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!standard 10.1.2 (8)          99-05-27 AI95-00220/01
!class binding interpretation 99-05-27
!status work item 99-05-27
!status received 99-05-27
!priority High
!difficulty Easy
!qualifier Error
!subject Subprograms withing private compilation units
!summary
A subprogram body without a separate subprogram declaration is considered a declaration (and not a body) for the purposes of checking 10.1.2(8).
!question
Consider the following compilation units:
package A is ....
private package A.B is ...
package A.B.C is ...
with A.B.C; -- Legal? (No.) procedure A.Fred is ...
Is the with of A.B.C legal? (No.)
!recommendation
(See summary.)
!wording
Replace 10.1.2(8) by:
If a with_clause of a given compilation_unit mentions a private child of some library unit, then the given compilation_unit shall be either the declaration of a private descendant (including a subprogram body acting as a subprogram declaration, see 10.1.4) of that library unit or the body or a subunit of a (public or private) descendant of that library unit.
!discussion
A subprogram body which acts as a declaration by 10.1.4(4) clearly must be treated as public. If this was not so, an example like:
with A.B.C; procedure A.Fred(X: in A.B.C.Bar := A.B.C.Foobar) is ... end A.Fred;
would be legal, "exporting" a type declared in a private unit. A public declaration should never depend semantically on a private unit.
This clearly was intended by the designers of Ada 95. For instance, AARM 10.1.2(8.l) says
To be honest: For the purposes of this rule, if a subprogram_ body has no preceding subprogram_declaration, the subprogram_body should be considered a declaration and not a body. Thus, it is illegal for such a subprogram_body to mention one of its siblings in a with_clause if the sibling is a private library unit.
This AI corrects the wording to match the intent.
!corrigendum 10.01.02(8)
If a @h<with_clause> of a given @h<compilation_unit> mentions a private child of some library unit, then the given compilation_unit shall be either the declaration of a private descendant (including a subprogram body acting as a subprogram declaration, see 10.1.4) of that library unit or the body or a subunit of a (public or private) descendant of that library unit.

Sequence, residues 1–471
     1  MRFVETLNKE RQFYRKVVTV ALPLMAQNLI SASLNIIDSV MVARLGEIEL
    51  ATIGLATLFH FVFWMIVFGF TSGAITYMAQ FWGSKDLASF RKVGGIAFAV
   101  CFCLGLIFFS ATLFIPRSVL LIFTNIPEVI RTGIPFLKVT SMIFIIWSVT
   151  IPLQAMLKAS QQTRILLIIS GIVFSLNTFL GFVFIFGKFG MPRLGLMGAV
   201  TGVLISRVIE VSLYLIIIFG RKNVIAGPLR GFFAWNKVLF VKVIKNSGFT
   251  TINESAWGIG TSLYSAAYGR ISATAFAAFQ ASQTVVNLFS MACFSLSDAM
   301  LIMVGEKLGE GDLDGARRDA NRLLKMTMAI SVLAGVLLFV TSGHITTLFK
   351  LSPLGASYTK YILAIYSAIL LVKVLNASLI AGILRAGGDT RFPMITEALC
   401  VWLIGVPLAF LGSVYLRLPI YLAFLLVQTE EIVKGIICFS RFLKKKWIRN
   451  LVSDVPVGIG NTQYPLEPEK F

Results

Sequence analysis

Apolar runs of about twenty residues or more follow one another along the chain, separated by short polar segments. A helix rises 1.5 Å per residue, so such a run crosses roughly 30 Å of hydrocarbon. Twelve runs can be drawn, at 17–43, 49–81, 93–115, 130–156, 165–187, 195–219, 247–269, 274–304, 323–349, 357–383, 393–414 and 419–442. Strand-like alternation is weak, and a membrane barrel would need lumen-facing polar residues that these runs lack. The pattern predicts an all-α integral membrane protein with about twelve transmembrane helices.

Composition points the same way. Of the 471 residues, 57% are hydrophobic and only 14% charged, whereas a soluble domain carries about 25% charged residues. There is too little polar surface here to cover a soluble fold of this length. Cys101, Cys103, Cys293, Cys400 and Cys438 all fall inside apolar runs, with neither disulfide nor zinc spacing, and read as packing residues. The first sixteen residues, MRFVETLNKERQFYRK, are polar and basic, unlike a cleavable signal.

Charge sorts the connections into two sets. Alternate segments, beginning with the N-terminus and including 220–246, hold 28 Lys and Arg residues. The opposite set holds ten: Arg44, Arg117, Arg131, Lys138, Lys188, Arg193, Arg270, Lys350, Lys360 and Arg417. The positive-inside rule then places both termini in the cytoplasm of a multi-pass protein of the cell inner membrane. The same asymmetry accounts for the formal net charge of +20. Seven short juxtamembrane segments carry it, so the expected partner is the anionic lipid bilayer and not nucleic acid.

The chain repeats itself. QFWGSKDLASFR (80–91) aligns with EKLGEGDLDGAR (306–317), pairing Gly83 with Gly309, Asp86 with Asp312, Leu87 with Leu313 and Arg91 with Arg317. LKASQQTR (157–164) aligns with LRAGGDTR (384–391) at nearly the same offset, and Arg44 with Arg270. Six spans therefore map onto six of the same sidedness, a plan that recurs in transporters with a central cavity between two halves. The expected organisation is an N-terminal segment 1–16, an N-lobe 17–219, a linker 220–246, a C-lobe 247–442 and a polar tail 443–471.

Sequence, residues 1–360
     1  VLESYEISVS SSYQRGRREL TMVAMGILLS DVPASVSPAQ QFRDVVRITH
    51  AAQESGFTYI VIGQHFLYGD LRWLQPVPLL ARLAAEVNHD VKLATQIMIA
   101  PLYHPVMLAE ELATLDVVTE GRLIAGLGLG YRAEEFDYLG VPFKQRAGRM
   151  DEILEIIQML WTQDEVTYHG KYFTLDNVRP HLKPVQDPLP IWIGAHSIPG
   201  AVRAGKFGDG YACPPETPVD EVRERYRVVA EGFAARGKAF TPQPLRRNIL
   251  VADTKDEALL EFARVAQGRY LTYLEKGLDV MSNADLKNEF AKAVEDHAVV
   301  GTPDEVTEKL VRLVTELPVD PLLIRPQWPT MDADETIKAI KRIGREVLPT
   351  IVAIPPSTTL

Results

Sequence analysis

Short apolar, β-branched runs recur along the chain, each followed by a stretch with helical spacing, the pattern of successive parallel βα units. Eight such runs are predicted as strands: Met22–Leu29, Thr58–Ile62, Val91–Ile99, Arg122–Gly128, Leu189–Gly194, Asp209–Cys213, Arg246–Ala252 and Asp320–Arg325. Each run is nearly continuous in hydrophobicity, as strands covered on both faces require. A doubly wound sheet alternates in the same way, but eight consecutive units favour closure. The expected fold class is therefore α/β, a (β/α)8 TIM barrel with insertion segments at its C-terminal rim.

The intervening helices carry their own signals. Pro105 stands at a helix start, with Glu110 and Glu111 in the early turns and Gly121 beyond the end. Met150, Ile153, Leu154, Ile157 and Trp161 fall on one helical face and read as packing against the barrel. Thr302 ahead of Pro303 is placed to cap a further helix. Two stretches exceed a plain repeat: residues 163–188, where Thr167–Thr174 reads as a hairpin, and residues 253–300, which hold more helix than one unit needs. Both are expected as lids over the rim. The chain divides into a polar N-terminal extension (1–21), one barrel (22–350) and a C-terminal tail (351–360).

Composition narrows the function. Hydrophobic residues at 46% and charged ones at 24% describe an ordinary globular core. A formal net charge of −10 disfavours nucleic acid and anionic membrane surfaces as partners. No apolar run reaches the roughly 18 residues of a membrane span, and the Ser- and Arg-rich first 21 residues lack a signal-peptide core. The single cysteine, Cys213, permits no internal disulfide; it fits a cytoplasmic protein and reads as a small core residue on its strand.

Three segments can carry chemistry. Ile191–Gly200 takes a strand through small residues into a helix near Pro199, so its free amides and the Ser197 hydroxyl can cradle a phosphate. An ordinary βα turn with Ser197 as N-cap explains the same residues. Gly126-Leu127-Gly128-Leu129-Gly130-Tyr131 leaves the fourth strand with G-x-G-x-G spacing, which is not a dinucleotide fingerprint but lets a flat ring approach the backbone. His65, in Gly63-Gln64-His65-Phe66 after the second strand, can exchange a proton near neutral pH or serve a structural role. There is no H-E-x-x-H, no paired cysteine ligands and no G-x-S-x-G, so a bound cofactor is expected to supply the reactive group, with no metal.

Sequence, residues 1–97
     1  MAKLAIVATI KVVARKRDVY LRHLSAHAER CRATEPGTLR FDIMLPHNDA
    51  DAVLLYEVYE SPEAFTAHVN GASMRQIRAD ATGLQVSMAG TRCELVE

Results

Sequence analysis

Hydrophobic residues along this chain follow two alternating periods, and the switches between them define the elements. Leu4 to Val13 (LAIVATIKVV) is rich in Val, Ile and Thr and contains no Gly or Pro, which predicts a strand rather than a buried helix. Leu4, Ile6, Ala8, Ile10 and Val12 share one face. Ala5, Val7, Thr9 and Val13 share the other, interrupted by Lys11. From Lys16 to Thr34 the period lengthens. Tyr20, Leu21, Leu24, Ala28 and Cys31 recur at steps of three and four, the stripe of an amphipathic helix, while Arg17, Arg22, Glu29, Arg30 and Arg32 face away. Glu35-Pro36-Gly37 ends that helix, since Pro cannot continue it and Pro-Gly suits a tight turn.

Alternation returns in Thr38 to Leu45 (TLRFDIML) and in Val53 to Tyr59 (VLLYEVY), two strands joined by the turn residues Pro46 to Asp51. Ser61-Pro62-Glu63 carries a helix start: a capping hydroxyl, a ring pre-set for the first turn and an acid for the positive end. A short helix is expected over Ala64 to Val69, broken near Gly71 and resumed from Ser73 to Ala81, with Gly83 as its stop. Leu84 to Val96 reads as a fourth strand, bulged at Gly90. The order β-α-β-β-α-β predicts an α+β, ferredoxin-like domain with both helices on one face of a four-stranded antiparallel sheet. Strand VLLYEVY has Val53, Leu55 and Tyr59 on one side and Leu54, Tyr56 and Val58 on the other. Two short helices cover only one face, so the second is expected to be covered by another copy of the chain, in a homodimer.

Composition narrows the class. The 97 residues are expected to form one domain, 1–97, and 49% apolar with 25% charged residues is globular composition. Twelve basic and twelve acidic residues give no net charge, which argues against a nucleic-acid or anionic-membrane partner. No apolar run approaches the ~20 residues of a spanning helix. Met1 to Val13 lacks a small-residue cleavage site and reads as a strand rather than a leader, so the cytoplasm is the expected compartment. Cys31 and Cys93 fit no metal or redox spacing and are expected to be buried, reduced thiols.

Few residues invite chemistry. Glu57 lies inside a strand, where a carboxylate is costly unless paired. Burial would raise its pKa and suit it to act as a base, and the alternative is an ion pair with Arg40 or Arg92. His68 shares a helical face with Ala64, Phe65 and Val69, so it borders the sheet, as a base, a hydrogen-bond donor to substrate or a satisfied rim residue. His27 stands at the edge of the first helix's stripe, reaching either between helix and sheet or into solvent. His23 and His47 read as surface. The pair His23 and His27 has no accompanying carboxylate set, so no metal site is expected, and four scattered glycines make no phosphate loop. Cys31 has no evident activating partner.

!ACATS test
A B-Test should be constructed to test the example given in the question and similar cases.
!appendix

From: Robert I. Eachus
Sent: Monday, May 24, 1999 2:16 PM

dennison@telepath.com wrote:
>
> I have a situation where Gnat and ObjectAda are giving me conflicting
> results.
>
> The situation is basicly this
>
> package A is ....
>
> private package A.B is ...
>
> package A.B.C is ...
>
> with A.B.C;
>
> procedure A.Fred is ...
>
> This compiled fine for one developer using ObjectAda. But with Gnat, I
> get:
> current unit must also be private descendant of "JPATS_Aircraft_Body"
> on the with statement.

Tucker replied:

>The relevant RM paragraph is RM95 10.1.2(8):
>   If a with_clause of a given compilation_unit mentions a private child
>   of some library unit, then the given compilation unit shall be either
>   the declaration of a private descendant of that library unit or the body
>   or subunit of a (public or private) descendant of that library unit.
>
>The only possible source of confusion here is whether "procedure A.Fred is"
>is a declaration or a body.  You might try creating a separate explicit
>procedure "spec" for A.Fred and see whether GNAT likes it any better.